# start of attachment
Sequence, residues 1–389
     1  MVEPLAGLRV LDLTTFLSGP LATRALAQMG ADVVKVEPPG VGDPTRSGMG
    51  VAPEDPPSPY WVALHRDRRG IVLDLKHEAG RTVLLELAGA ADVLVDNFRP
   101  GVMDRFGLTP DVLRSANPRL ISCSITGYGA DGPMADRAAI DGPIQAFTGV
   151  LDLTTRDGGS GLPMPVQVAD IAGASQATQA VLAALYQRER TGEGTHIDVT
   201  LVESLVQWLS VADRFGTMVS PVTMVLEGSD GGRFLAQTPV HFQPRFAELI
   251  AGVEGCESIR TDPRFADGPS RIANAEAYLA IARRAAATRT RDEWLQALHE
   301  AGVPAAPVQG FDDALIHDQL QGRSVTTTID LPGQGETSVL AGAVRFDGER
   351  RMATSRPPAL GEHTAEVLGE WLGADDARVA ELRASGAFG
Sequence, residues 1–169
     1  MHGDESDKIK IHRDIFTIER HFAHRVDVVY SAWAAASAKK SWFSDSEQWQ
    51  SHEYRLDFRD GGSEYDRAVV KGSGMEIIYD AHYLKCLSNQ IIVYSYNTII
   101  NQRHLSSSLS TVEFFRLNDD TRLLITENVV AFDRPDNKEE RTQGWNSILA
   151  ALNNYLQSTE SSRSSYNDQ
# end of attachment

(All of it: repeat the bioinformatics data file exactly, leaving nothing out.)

Sequence, residues 1–389
     1  MVEPLAGLRV LDLTTFLSGP LATRALAQMG ADVVKVEPPG VGDPTRSGMG
    51  VAPEDPPSPY WVALHRDRRG IVLDLKHEAG RTVLLELAGA ADVLVDNFRP
   101  GVMDRFGLTP DVLRSANPRL ISCSITGYGA DGPMADRAAI DGPIQAFTGV
   151  LDLTTRDGGS GLPMPVQVAD IAGASQATQA VLAALYQRER TGEGTHIDVT
   201  LVESLVQWLS VADRFGTMVS PVTMVLEGSD GGRFLAQTPV HFQPRFAELI
   251  AGVEGCESIR TDPRFADGPS RIANAEAYLA IARRAAATRT RDEWLQALHE
   301  AGVPAAPVQG FDDALIHDQL QGRSVTTTID LPGQGETSVL AGAVRFDGER
   351  RMATSRPPAL GEHTAEVLGE WLGADDARVA ELRASGAFG
Sequence, residues 1–169
     1  MHGDESDKIK IHRDIFTIER HFAHRVDVVY SAWAAASAKK SWFSDSEQWQ
    51  SHEYRLDFRD GGSEYDRAVV KGSGMEIIYD AHYLKCLSNQ IIVYSYNTII
   101  NQRHLSSSLS TVEFFRLNDD TRLLITENVV AFDRPDNKEE RTQGWNSILA
   151  ALNNYLQSTE SSRSSYNDQ